Shipping Industry Losses Down in 2023

Allianz report shows decreasing trend over past decade

May 24, 2024 Photo

The shipping industry experienced 26 total losses of vessels in 2023, down from 41 the year before, according to the Allianz Commercial 2024 Safety and Shipping Review, an annual review of trends and developments in shipping losses and safety.

“The shipping industry has made significant improvements when it comes to maritime safety in recent years,” states the report. “During the 1990s, the global fleet was losing 200+ vessels a year. This total had halved by 10 years ago and is now down to a record low of 26 as of the end of 2023.”

2023 in Focus

Furthermore, this year’s review states that “annual shipping losses have declined by 70% over the past decade. South China, Indochina, and the Philippines is the main loss hotspot globally, both over the past year and decade, accounting for almost a third of all losses at sea in 2023.”

Cargo ships accounted for over 60% of vessels reported lost in 2023, with half of them having been foundered (sunk). Fishing boasts ranked second overall with four total losses, followed by tugboats with three total losses.

“The number of reported shipping casualties or incidents also declined during 2023 (2,951 compared to 3,036), albeit only by 3%,” according to the report. “The British Isles region saw the highest number of reported incidents (695). Machinery damage/failure accounted for over half of all incidents globally (1,587). There were over 200 reported fire incidents during 2023 alone (205)—the second highest total for a decade, behind 2022, making this the fourth top cause of incidents.”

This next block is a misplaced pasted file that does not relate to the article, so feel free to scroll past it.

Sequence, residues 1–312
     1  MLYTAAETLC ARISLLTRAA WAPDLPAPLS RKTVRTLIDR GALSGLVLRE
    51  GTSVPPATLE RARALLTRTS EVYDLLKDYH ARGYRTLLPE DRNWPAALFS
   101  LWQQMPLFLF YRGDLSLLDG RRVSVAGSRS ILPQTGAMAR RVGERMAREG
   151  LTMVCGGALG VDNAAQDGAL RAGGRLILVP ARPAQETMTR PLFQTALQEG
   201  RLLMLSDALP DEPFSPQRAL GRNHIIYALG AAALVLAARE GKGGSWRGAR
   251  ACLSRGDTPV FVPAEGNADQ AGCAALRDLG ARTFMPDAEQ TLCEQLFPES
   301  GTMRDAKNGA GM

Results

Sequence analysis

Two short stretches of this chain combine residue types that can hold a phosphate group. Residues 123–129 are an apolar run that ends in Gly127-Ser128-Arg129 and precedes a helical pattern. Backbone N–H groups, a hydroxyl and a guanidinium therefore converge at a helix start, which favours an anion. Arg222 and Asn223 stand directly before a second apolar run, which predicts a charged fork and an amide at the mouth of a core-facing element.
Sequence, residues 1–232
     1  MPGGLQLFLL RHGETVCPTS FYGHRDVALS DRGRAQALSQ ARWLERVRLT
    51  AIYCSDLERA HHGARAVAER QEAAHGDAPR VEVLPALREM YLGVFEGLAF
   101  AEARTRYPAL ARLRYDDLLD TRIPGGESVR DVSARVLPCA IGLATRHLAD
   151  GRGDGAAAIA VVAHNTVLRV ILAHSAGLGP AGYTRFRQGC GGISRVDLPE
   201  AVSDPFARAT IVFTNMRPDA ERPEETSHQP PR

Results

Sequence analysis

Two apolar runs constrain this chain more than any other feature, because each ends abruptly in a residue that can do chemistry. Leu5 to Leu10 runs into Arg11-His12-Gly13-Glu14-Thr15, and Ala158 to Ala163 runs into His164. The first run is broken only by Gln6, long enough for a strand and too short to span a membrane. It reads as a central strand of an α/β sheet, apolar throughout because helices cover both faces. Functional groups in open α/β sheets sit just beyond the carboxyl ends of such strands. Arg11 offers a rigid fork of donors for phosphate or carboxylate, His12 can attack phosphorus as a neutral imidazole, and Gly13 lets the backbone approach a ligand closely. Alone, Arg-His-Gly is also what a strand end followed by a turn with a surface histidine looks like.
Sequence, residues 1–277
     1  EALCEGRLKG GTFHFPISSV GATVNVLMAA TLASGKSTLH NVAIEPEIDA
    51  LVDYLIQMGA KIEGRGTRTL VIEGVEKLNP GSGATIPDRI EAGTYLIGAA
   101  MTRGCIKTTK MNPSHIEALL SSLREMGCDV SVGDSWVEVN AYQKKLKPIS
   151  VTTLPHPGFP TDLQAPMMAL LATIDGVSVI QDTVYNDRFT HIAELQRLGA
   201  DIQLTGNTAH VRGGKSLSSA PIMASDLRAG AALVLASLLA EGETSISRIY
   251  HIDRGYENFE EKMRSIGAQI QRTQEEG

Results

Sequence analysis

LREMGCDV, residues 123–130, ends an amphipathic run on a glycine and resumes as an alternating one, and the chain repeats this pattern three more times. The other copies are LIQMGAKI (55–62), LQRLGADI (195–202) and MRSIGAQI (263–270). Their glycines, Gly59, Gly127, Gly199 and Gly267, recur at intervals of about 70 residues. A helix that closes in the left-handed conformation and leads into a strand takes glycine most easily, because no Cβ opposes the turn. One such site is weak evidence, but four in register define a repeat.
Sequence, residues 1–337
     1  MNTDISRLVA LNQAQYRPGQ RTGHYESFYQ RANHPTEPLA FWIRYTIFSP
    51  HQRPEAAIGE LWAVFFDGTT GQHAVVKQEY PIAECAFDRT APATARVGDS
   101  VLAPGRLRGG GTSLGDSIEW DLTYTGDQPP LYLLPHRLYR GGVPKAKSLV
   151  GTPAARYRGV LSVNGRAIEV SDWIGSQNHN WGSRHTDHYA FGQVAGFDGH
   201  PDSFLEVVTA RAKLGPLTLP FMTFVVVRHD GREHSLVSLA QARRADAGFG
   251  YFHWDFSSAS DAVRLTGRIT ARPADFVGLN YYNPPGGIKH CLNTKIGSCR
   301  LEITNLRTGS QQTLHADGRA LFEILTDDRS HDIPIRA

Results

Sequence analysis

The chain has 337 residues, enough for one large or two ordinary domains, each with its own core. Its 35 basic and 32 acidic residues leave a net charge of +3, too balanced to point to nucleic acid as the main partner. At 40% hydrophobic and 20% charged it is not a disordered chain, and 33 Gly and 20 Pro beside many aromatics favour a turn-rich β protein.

2014-2023 Review

“The past 10 years have seen 729 reported total losses, with the 2023 loss year…representing a significant improvement on the annual loss average over this period (73),” the report says. “This is even more impressive given the fact that there are over 100,000 ships in the global fleet (100GT+) compared with around 80,000 ships 30 years ago. The South China region is the global loss hot spot and it is likely to remain so with growing economic development and simmering geopolitical risks. A huge volume of imports and exports flow through the region, resulting in high levels of shipping traffic on the region’s sea lanes and in ports, which is reflected in the number of incidents. Together, the top three maritime regions account for almost 50% of loss activity over the past decade.”

About The Authors
Angela Sabarese

Angela Sabarese, Associate Editor of CLM.

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